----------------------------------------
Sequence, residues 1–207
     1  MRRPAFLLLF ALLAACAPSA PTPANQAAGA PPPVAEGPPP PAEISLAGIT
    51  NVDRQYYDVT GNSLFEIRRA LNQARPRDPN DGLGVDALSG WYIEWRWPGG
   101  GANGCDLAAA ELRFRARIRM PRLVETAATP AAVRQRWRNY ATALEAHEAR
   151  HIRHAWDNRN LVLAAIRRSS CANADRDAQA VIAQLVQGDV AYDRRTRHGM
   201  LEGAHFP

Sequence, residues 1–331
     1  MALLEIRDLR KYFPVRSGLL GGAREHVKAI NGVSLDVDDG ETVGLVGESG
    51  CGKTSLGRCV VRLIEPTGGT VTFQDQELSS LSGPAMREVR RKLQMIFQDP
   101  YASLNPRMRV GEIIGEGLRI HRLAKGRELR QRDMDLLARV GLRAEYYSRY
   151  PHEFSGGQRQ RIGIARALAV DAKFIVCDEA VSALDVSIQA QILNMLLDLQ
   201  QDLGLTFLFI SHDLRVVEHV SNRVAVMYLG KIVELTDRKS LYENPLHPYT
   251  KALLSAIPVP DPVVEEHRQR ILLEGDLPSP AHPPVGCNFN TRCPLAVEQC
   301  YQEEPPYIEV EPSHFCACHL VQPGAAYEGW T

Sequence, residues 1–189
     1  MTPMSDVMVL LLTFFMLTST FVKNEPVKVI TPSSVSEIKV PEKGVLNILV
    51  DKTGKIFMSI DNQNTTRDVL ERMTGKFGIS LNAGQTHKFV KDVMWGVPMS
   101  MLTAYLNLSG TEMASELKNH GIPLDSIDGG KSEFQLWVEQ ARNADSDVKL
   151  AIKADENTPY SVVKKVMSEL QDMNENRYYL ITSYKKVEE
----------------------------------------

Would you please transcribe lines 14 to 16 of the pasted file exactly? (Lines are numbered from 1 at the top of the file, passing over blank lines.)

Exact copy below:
   301  YQEEPPYIEV EPSHFCACHL VQPGAAYEGW T

Sequence, residues 1–189
     1  MTPMSDVMVL LLTFFMLTST FVKNEPVKVI TPSSVSEIKV PEKGVLNILV